Aurora Distributed Solar, LLC v. AKTOR S.A.

Filing 20

OPINION & ORDER: For the foregoing reasons, AKTORs Motion is GRANTED, and this case is STAYED. Plaintiff's letter motion for oral argument (Dkt. 19) is denied as moot. The Clerk of Court is respectfully directed to close the open motions at do cket entries 7 and 19. Beginning on August 1, 2017, the parties must submit joint semi-annual letters updating the Court on the status of the arbitration, and as further set forth in this order. Motions terminated: 7 FIRST MOTION to Stay r e: 1 Notice of Removal, filed by AKTOR S.A. 19 LETTER MOTION for Oral Argument on Defendant's Motion to Stay the Action addressed to Judge Valerie E. Caproni from Alan H. Winkler dated May 5, 2017, filed by Aurora Distributed Solar, LLC. (Signed by Judge Valerie E. Caproni on 6/8/2017) (ap)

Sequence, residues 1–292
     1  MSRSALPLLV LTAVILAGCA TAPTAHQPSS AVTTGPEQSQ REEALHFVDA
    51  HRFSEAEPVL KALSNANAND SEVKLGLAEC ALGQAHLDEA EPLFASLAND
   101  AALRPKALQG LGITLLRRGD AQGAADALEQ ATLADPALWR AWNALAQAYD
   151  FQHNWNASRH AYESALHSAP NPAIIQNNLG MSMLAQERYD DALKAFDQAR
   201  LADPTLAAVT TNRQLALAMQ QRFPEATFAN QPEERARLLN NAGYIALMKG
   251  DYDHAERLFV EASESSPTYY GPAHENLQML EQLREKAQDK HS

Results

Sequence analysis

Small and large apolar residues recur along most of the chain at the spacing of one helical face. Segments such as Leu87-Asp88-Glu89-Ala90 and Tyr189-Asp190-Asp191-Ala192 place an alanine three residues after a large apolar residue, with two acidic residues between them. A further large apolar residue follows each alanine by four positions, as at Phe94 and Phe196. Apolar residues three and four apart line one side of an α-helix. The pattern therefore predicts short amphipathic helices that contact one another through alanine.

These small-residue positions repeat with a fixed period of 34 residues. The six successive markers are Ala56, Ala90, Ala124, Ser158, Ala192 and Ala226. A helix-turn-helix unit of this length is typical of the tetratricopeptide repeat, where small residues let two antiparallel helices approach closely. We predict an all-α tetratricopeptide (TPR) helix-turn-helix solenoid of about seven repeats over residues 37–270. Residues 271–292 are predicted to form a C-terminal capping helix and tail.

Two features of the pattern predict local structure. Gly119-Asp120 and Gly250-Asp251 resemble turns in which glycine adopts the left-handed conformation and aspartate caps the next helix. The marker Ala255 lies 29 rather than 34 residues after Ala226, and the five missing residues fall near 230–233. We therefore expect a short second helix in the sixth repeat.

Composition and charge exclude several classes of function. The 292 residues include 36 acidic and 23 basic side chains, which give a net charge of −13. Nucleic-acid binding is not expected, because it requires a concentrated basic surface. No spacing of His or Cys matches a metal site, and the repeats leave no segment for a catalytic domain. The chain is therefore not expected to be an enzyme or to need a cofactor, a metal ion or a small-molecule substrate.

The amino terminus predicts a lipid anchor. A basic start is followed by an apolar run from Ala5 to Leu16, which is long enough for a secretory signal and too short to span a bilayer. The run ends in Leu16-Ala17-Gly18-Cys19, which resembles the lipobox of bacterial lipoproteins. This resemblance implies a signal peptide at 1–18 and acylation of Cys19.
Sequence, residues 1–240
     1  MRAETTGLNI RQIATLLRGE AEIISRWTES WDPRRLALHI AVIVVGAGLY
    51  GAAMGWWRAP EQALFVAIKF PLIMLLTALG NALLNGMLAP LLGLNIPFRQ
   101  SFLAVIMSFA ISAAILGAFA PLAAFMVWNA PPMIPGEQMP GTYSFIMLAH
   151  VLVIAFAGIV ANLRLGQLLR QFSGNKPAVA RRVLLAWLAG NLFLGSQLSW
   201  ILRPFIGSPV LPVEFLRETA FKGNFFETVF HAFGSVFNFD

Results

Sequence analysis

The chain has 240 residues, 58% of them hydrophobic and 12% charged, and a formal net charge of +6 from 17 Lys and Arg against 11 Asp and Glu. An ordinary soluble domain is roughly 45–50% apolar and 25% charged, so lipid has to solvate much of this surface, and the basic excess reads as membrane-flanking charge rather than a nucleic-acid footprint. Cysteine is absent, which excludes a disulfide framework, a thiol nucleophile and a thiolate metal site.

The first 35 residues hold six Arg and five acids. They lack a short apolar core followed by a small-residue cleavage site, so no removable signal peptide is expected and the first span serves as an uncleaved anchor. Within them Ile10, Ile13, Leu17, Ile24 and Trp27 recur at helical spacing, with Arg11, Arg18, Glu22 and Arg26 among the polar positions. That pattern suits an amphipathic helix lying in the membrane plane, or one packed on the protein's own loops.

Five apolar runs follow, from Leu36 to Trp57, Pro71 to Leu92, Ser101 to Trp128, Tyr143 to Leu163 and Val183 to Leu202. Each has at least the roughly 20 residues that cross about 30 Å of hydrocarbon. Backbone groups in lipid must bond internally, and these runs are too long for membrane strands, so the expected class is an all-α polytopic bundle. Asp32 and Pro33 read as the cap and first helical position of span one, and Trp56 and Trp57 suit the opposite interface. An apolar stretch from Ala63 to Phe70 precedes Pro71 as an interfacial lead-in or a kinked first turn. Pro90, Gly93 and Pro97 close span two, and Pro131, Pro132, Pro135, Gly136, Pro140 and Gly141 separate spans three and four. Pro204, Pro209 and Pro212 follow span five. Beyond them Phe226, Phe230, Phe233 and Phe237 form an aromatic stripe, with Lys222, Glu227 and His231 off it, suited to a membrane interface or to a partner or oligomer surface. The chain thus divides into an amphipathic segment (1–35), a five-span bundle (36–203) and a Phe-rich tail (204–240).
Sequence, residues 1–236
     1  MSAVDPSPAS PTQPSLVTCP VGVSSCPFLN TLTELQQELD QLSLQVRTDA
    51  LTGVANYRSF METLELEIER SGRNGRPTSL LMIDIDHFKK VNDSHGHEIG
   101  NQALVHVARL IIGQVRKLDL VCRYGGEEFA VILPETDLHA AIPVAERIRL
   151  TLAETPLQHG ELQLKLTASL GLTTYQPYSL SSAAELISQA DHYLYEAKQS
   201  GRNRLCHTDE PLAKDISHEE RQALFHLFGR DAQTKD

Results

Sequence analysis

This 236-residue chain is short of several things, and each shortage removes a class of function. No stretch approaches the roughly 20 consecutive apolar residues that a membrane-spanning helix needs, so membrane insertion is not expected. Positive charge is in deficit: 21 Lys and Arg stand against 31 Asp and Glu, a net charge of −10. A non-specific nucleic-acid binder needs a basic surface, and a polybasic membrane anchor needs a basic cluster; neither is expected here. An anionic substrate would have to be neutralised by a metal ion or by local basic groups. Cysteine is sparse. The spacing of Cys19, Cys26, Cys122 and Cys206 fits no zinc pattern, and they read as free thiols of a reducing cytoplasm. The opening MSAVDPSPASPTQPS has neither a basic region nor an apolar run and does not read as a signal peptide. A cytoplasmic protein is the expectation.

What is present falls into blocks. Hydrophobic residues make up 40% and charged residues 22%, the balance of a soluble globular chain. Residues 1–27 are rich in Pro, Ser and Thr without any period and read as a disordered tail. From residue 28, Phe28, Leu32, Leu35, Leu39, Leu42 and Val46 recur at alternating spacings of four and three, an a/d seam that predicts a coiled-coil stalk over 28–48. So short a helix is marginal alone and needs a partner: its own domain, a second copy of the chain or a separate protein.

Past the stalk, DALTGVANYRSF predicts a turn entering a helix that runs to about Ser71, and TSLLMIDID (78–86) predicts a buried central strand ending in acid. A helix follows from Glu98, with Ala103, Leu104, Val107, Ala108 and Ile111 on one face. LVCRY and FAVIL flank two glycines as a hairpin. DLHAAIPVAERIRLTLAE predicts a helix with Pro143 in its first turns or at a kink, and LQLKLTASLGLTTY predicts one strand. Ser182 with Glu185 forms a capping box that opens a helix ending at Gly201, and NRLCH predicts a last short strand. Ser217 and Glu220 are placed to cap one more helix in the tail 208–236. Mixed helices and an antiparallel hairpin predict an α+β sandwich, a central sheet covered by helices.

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UNITED STATES DISTRICT COURT SOUTHERN DISTRICT OF NEW YORK -------------------------------------------------------------- X AURORA DISTRIBUTED SOLAR, LLC, : : : Plaintiff, : : -against: : AKTOR, S.A., : : Defendant. -------------------------------------------------------------- X USDC SDNY DOCUMENT ELECTRONICALLY FILED DOC #: 6/8/17 DATE FILED: 17-CV-2009 (VEC) OPINION & ORDER VALERIE CAPRONI, United States District Judge: Plaintiff Aurora Distributed Solar, LLC (“Aurora”) brings this suit to enforce a guaranty executed by Defendant AKTOR, S.A. (“AKTOR”) on behalf of its wholly owned subsidiary, Biosar America, LLC (“Biosar”), which has allegedly defaulted on a contract to construct solar power plants for Aurora. Before Aurora initiated this lawsuit, Biosar commenced an arbitration proceeding against Aurora alleging breach of contract, and Aurora submitted a counter-demand for arbitration against Biosar, also for breach of contract. AKTOR moves to stay this lawsuit pending the arbitration (“Motion”). For the following reasons, AKTOR’s Motion is GRANTED. BACKGROUND This dispute arises out of a contract for the design and construction of a large solar power project in Minnesota, comprised of sixteen photovoltaic power plants at sixteen different sites (the “Project”). Compl. ¶ 4 (Dkt. 1-1). On February 4, 2016, Aurora, as owner, and Biosar, as contractor, entered into an Engineering, Procurement, and Construction Agreement to design and construct the Project (the “EPC Agreement”). Id. In furtherance of the EPC Agreement, on February 4, 2016, AKTOR, as Biosar’s parent company, agreed with Aurora to guaranty Biosar’s obligations under the EPC Agreement (“Guaranty”). Id. ¶ 6. The EPC Agreement contains a mandatory arbitration clause stating that “any controversy, claim, or dispute between the Parties arising out of or related to this Agreement . . . shall be submitted for arbitration before a single arbitrator in accordance with the provisions contained herein and in accordance with the JAMS Comprehensive Arbitration Rules.” Declaration of John Foust in Support of AKTOR’s Motion to Stay the Entire Action Pending Arbitration (“Foust Decl.”), Ex. A ¶ 14.2 (Dkt. 8-1). Under the terms of the Guaranty, Aurora may enforce the Guaranty against AKTOR only if Biosar “fails, neglects or refuses to perform any of its [o]bligations as expressly provided in the [EPC] Agreement.” Id., Ex. B ¶ 2 (Dkt. 8-2). Shortly after executing the EPC Agreement, disputes arose between Biosar and Aurora. Aurora claims Biosar failed to comply with its obligations under the EPC Agreement to meet certain Project deadlines, to comply with safety and environmental obligations, and to pay its subcontractors’ invoices. Compl. ¶¶ 14-16. To that end, Aurora sent Biosar several notices of default between July and November 2016. Id. On the other side of the dispute, Biosar claims that Aurora’s interference with the design and construction process resulted in delays and that Aurora refused to pay subcontractors for costs associated with change orders that Aurora allegedly indicated it would pay. Def. Mem. 4-5 (Dkt. 9). On January 26, 2017, Biosar initiated arbitration against Aurora pursuant to the EPC Agreement, and on February 8, 2017, Aurora submitted a counter-demand. Foust Decl., Ex. C (Dkt. 8-3); id., Ex. D (Dkt. 8-4). Also on February 8, 2017, Aurora filed this action against AKTOR in New York Supreme Court, asking the court to enforce the Guaranty. Id., Ex. E (Dkt. 8-5). Specifically, Aurora wants AKTOR to discharge various subcontractors’ liens and reimburse Aurora for costs, damages, payments to subcontractors, and a labor bonus incurred by Aurora due to Biosar’s alleged defaults. Compl. ¶¶ 26-36, 38-48, 50-58, 60-69, 71-80, 82-91, 100, 103-08. Aurora also seeks a declaratory judgment that AKTOR’s liability under the 2 Guaranty is distinct from any determination made in the arbitration and that AKTOR is liable for any breach of the EPC Agreement by Biosar as determined in the arbitration. Id. ¶ 120(j). On March 20, 2017, AKTOR removed the action to this Court, Notice of Removal (Dkt. 1), and promptly moved for a stay pending arbitration. DISCUSSION A trial court has the inherent power to stay proceedings in the interest of saving “time and effort for itself, for counsel, and for litigants.” WorldCrisa Corp. v. Armstrong, 129 F.3d 71, 76 (2d Cir. 1997) (quoting Nederlandse Erts-Tankersmaatschappij, N.V. v. Isbrandtsen Co., 339 F.2d 440, 441 (2d Cir. 1964)). This discretionary power to stay proceedings should be exercised only in rare circumstances. Landis v. N. Am. Co., 299 U.S. 248, 255 (1936). Such circumstances include those in which one of the parties is involved in a pending arbitration involving similar issues. Nederlandse, 339 F.2d at 441. Courts have consistently granted stays pending arbitration in cases such as this one in order to minimize inconsistent results and conserve judicial resources. See, e.g., British Marine PLC v. Aavanti Shipping & Chartering Ltd., No. 13 CIV. 839 (BMC), 2014 WL 2475485, at *5 (E.D.N.Y. June 3, 2014); In re A2P SMS Antitrust Litig., 972 F. Supp. 2d 465, 500 (S.D.N.Y. 2013); Alghanim v. Alghanim, 828 F. Supp. 2d 636, 665 (S.D.N.Y. 2011). It is the moving party’s burden to demonstrate that a stay is justified. WorldCrisa Corp., 129 F.3d at 76. The movant first must establish that “there are issues common to the arbitration and the court proceeding,” and that “those issues will be finally determined by arbitration.” Am. Shipping Line, Inc. v. Massan Shipping Indus. Inc., 885 F. Supp. 499, 502 (S.D.N.Y. 1995) (citing Sierra Rutile Ltd. v. Katz, 937 F.2d 743, 750 (2d Cir. 1991)). If the movant makes the required initial showing, it must then show that it “will not hinder the arbitration, that the arbitration will be resolved within a reasonable time, and that such delay that may occur will not 3 cause undue hardship to the non-moving parties.” Id. (citing Sierra, 937 F.2d at 750). Although the movant bears that burden, the courts have “substantial discretion to stay . . . the proceedings pending arbitration as a means to promote judicial efficiency and to control their dockets.” Argus Media Ltd. v. Tradition Fin. Servs. Inc., No. 09 CIV. 7966 (HB), 2009 WL 5125113, at *3 (S.D.N.Y. Dec. 29, 2009). AKTOR has satisfied its initial burden as there are common issues which will be finally determined by the arbitration. Aurora’s counter-demand for arbitration alleges that Biosar has breached the EPC Agreement because it failed to comply with safety and environmental requirements, meet Project deadlines, and pay its subcontractors. Foust Decl., Ex. D at 2-3. Similarly, the Complaint in this action alleges that Biosar breached the EPC Agreement by failing to meet certain Project deadlines, to comply with safety and environmental obligations, and to pay its subcontractors. Compl. ¶¶ 14-16, 26-28, 38-40, 50-51, 60-62, 71-73, 82-84. AKTOR’s liability under the Guaranty hinges on whether Biosar breached the EPC Agreement, which is the central issue in the arbitration. Thus, the arbitrator will make factual determinations regarding Biosar’s putative breach of the EPC Agreement that are also necessary to resolve Aurora’s claims under the Guaranty. “It is appropriate, as an exercise of the district court’s inherent powers, to grant a stay ‘where the pending proceeding is an arbitration in which issues involved in the case may be determined.’” Sierra, 937 F.2d at 750 (quoting Nederlandse, 339 F.2d at 441); see also British Marine, 2014 WL 2475485, at *5 (staying litigation on the ground that plaintiff had to prevail in arbitration against the contracting party in order to succeed in litigation on claims against other defendants as guarantors because those claims would be moot if there were no breach of contract in the first instance). The issue of Biosar’s liability for breach of the EPC Agreement is also capable of being finally determined in the arbitration proceedings. Neither party has indicated it will not be bound 4 by the arbitration.1 Cf. Massan, 885 F. Supp. at 502 (holding the common issue would not be finally determined by the arbitration because the parties indicated they would not be bound by the arbitration). Moreover, because, as explained above, both the arbitrator and this Court must determine whether Biosar breached the EPC agreement, collateral estoppel is likely to apply in this litigation as to whether Biosar breached the EPC agreement. See Bear, Stearns & Co. v. 1109580 Ontario, Inc., 409 F.3d 87, 91 (2d Cir. 2005) (“An arbitration decision may effect collateral estoppel in a later litigation or arbitration if the proponent can show ‘with clarity and certainty’ that the same issues were resolved.” (quoting Postlewaite v. McGraw-Hill, Inc., 333 F.3d 42, 49 (2d Cir. 2003))). AKTOR has also carried its burden with respect to delay and hardship. Aurora has not asserted that AKTOR will hinder the arbitration, and there is no indication that the arbitration will not proceed in a reasonable time despite Aurora’s contention to the contrary. Pl. Opp. at 1516 (Dkt. 13). Both Aurora and Biosar have demonstrated a willingness to cooperate in arbitration, and an arbitrator was appointed as of May 1, 2017. Def. Reply Br. at 9 (Dkt. 18). Proceeding with the arbitration will not cause Aurora any undue hardship as Aurora itself agreed to participate in the arbitration and to be bound by its ruling.2 Should there be substantial delay 1 Aurora seeks a declaratory judgment from this Court that AKTOR is liable for any breach by Biosar of the EPC Agreement as determined by the arbitrator, Compl. ¶ 120(j), which clearly suggests that Aurora intends the arbitrator’s findings to be binding. 2 Aurora claims it “would be harmed by the issuance of a discretionary stay because it would be deprived of the rights it bargained for that it need not exhaust its remedies against Biosar first before proceeding on the Guaranty and that it may obtain payment from AKTOR under the Guaranty whether or not Aurora has proceeded against Biosar.” Pl. Opp. 16-17 (Dkt. 13). A stay of this action pending the arbitration does not equate to requiring Aurora to exhaust its rights and remedies against Biosar before proceeding against AKTOR under the Guaranty; rather, the ongoing arbitration, initiated before this lawsuit began, is an efficient means to determine the core factual question whether Biosar failed “to perform any of its [o]bligations as expressly provided in the [EPC] Agreement,” Foust Decl., Ex. B ¶ 2. A factual finding on that question is necessary in order to determine whether AKTOR is liable under the Guaranty. If no arbitration were pending, Aurora could pursue its claims under the Guaranty in this Court, and this Court would determine, in the first instance, whether Biosar breached the EPC Agreement. It would, however, be a colossal waste of judicial resources to litigate that critical question in federal court when it is already being pursued in arbitration. 5 in the arbitration, a claim of “undue hardship” by Aurora could then be reconsidered upon a motion to vacate the stay or upon AKTOR’s motion for a renewal of the stay. See Nederlandse, 339 F.2d at 442. The Court expects, however, that the parties to the arbitration will proceed in good faith. Ultimately, the decision “to stay litigation among the non-arbitrating parties pending the outcome of arbitration . . . . is one left to the district court . . . as a matter of its discretion to control its docket.” Moses H. Cone Mem’l Hosp. v. Mercury Constr. Corp., 460 U.S. 1, 21 n.23 (1983); see also Massan 885 F. Supp. at 502 (decision to issue “a stay is firmly within a district court’s discretion”). Here, because the issuance of a stay pending the arbitration will conserve judicial resources and avoid inconsistent outcomes while avoiding prejudice, the Court exercises its inherent power to stay this action pending resolution of the arbitration. CONCLUSION For the foregoing reasons, AKTOR’s Motion is GRANTED, and this case is STAYED. Plaintiff’s letter motion for oral argument (Dkt. 19) is denied as moot. The Clerk of Court is respectfully directed to close the open motions at docket entries 7 and 19. Beginning on August 1, 2017, the parties must submit joint semi-annual letters updating the Court on the status of the arbitration. SO ORDERED. _________________________________ ____________ ____________________________ ___ ___ __ ___ VALERIE CAPRONI I United St t Di t i t Judge U it d States District J d Date: June 8, 2017 New York, New York 6